The Core 100 program invites students and faculty from the College to join us for our weekly lecture series. Each week, all of the first-year students participate in lecture-discussions with about 400 of their classmates. We have space in the Center for the arts (Building 1P) Williamson Theatre to accommodate individual guests and can have as many as two additional classes at each of the lectures. No permission is needed for classes to attend, but please notify Donna Scimeca (718.982.3405) if you plan to bring a class.

The lectures are 50 minutes and are all in the Williamson Theatre. They meet on the following days/times: Wednesdays at 12:20pm; on Thursdays at 8:00am, 10:10am, and 6:30pm; and on Saturdays at 10:10am.

The Lecture Series Schedule for the Week of Monday, Apr. 24, 2017:

Wednesday, Apr. 26:

-12:20pm: “Road to the Great Depression,” presented by John Lentine

This lecture will commence by explaining the economic theories of the three critical economic philosophers: Smith, Marx, and Rand. It then examines the historical economic philosophies of the United States from colonial times to World War II. This lecture will cover government intervention in the economy, or the lack thereof, during the Gilded Age and the Pre-War Era.

John Lentine graduated from the Pennsylvania State University – Capital College, with a Bachelor’s degree in Public Policy and a Master’s degree in Public Administration. Studying just outside the State Capitol, he had the distinct honor of working for two of Pennsylvania’s State Representatives. Upon his return to Staten Island, he worked on a City Council campaign management team. He currently works in the Center for Advising and Academic Success and teaches Core 100 at the College of Staten Island.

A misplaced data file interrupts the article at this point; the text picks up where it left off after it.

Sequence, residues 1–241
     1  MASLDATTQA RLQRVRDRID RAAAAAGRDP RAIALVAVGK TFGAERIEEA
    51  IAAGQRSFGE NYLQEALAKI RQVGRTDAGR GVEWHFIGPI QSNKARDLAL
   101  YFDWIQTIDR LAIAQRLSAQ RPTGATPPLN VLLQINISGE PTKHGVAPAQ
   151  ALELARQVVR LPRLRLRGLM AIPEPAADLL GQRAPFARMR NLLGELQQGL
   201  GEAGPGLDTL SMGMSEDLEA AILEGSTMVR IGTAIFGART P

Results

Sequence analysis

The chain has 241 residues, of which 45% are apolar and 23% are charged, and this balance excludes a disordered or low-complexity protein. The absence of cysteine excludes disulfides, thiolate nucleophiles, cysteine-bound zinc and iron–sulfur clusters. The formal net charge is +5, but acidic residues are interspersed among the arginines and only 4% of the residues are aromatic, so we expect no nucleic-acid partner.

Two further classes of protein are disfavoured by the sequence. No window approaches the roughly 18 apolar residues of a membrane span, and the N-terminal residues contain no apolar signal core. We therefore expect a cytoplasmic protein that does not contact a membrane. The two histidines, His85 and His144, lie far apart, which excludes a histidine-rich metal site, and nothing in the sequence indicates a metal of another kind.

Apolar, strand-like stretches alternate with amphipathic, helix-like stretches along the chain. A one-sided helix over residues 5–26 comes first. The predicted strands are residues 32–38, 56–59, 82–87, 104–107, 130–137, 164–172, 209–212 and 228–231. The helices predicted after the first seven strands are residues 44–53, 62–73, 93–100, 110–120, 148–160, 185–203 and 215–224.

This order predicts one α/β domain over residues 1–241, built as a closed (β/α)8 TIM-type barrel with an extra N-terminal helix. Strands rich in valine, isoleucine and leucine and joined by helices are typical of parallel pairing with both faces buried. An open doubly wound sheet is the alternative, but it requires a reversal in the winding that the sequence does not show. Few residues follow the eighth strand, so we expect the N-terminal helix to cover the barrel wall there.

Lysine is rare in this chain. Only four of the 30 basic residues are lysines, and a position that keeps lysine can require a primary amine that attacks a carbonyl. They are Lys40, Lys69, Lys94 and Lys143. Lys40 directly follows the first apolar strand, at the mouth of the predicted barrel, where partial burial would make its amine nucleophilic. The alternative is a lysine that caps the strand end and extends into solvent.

Thursday, Apr. 27:

-8:00am: “Reflecting in the Economic Mirror a Retrospective on the New Deal and Great Depression,” presented by Niles French

This presentation examines the causes of the Great Depression and the role of government in a capitalistic society, while looking at the current relationship between the public and private sectors. Additionally, the different types of economic systems will be examined, as well as their impact on the global economy.

Niles French is a project manager for the SIEDC, coordinating several areas on Staten Island. Before joining the SIEDC, he oversaw Grants and Development for Historic Richmond Town. During his four-and-a-half-year tenure, he secured more than $900,000 in grant funding, and assisted in securing more than $5 million in capital support. Niles also helped increase sponsorship, community outreach, and managed several successful fundraising campaigns, including the roof restoration of Staten Island’s oldest home, the Billiou-Stillwell-Perine House. He assisted in developing advertising, marketing strategies, snd new educational programs, as well as advancing signature events like the All American Drive-In and Jazz at the Tavern. Currently, Niles is an Adjunct Professor at the College of Staten Island (CUNY), where he teaches in the History department, primarily in the Core program and American Studies.

10:10am: “United States Labor Unions: Past, Present, and Future” presented by Michael Batson

From their beginnings in the rapidly developing early Republic to their zenith in the late 1950s and early 1960s, labor unions played a key role in creating a vibrant middle class. Too often, this process was exclusionary, with women and minorities prevented from joining. Since the mid-1960s, unions have seen their membership decline, and as a consequence, they have lost considerable political clout. The past 40 years has seen several laws passed making the work of union building, organizing, and mobilization much more difficult. One cannot fully understand the United States without understanding the history of the labor movement. This lecture will look at the historical and current arguments for and against unions.